“Lowly of heart, serious in her speech, prudent in spirit, sparing in words, devoted to reading, she did not place her hope in changeable riches but in the prayer of the poor. Industrious in her work, modest in her speech, she let God, not man, judge her thoughts. She offended no one; she had goodwill towards all; she respected her elders, she did not envy her peers. She fled ostentation, followed reason and loved virtue. When did she offend her parents with so much as a glance? When did she ever disagree with her neighbours or despise the lovely? When did she ever make fun of the weak or avoid the needy? There was no leering in her glance, no arrogance in her words, nothing immodest in her movements. Never an agitated movement, never a hurried step, never a raised voice. The very appearance of her person reflected the holiness of her mind and expressed her goodness.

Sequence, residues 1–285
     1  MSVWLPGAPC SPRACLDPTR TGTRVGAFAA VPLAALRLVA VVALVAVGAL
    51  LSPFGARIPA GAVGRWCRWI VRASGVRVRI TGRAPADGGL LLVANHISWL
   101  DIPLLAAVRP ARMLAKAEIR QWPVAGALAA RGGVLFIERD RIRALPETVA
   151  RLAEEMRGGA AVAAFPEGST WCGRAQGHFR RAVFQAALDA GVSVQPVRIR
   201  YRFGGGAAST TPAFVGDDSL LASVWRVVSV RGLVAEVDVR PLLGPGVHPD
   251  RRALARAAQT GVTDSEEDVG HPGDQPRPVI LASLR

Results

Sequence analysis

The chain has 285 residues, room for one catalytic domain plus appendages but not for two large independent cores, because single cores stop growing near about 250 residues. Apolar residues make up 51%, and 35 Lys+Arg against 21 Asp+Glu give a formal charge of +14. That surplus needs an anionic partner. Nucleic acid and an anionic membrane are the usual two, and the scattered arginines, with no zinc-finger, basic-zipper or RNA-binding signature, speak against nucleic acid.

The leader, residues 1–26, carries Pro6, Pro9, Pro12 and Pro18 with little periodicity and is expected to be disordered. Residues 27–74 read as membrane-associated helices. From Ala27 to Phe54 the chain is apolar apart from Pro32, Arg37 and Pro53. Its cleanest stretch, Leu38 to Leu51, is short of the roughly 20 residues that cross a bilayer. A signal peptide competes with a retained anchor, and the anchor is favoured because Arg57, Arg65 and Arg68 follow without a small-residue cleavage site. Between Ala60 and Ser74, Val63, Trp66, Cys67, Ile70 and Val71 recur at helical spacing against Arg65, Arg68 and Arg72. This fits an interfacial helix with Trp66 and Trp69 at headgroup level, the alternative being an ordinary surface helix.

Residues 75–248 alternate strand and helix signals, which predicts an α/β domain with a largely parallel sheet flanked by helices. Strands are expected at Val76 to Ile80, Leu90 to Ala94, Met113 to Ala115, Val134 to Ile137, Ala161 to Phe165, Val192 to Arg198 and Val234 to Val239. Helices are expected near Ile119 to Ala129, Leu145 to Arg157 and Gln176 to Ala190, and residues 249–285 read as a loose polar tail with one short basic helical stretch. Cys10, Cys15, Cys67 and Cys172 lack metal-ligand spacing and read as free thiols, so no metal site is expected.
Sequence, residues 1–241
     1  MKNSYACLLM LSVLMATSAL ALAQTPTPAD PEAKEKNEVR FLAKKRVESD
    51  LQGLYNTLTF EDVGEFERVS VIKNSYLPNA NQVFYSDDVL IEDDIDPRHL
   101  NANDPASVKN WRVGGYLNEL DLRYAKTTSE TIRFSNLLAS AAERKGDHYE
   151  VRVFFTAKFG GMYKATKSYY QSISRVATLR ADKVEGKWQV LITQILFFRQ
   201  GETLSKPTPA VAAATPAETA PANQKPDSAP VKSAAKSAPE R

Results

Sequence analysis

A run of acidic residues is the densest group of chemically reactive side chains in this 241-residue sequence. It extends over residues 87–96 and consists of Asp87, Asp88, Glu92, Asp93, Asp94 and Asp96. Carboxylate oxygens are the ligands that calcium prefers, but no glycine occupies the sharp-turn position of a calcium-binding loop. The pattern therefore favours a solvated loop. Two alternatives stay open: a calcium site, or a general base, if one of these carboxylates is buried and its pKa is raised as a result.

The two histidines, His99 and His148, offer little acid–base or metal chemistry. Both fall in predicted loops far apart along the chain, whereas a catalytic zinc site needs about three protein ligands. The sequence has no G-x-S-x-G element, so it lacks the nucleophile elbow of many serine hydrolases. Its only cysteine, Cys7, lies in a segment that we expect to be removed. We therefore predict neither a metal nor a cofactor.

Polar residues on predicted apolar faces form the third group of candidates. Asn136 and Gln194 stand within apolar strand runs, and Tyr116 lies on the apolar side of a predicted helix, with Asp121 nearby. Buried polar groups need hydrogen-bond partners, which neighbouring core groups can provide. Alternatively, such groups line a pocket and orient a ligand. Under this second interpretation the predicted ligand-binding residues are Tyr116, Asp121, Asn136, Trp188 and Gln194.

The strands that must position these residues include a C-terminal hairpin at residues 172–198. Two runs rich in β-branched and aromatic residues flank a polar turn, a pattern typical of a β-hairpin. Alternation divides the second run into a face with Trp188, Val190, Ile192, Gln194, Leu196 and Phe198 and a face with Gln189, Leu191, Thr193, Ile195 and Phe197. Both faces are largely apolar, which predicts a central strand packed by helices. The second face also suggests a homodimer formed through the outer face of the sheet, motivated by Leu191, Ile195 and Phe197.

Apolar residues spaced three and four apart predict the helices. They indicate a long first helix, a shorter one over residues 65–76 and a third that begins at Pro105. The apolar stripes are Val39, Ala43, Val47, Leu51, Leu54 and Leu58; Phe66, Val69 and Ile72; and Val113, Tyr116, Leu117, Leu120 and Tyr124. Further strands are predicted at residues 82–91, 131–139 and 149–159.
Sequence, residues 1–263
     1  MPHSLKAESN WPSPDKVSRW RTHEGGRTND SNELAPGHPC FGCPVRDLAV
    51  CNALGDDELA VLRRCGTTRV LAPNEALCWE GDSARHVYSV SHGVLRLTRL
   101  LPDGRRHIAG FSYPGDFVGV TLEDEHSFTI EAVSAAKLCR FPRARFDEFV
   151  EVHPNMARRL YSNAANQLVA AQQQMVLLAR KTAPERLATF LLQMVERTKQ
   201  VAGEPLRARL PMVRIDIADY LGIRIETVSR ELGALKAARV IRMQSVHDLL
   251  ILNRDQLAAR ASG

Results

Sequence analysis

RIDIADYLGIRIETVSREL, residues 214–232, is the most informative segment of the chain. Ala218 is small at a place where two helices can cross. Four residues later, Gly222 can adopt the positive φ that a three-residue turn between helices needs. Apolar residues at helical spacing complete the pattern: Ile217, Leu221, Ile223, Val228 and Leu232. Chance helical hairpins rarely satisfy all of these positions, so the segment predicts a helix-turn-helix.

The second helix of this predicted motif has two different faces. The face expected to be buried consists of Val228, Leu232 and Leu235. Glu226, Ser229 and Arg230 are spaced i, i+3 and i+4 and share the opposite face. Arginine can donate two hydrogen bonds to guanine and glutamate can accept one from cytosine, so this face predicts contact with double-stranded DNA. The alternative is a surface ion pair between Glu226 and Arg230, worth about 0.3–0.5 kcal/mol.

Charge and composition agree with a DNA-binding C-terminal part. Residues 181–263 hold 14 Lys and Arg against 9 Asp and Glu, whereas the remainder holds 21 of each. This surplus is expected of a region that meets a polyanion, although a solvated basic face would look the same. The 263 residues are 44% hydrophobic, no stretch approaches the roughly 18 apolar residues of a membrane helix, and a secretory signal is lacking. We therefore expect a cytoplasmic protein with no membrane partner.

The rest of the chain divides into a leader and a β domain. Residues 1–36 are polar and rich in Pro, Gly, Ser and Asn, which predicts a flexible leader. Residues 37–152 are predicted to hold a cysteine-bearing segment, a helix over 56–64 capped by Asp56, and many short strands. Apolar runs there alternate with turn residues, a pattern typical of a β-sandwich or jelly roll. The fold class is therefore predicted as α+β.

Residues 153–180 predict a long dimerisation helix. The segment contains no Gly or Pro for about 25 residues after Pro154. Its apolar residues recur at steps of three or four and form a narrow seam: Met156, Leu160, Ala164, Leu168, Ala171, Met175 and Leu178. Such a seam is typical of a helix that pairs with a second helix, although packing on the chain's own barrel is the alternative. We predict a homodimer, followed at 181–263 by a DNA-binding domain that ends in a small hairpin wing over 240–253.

A beautiful house has to appear beautiful even before you reach the front door, and as soon as you enter you have to know that there is nothing dark inside it. In the same way our mind, if not caught in the shadows of bodily obstacles, will disclose its interior light to the outside world.” Ambrose of Milan, De virginibus 2, 6-16; PL 16, 220-22.
I am amazed at the metaphor St. Ambrose uses, the beautiful house. This house can be minds and our souls. If we let the light in, that is God, then the outside will be beautiful. People living in communion with Christ are known from their fruits.
If you are interested in more quotes on
Virgin Mary, you can find them in on Amazon in both in Mary and the Fathers of the Church Kindle and paperback formats. References:
Gambero, L., 1999.
Mary and the Fathers of the Church 1st ed. Translated by Buffer, T., San Francisco: Ignatius Press.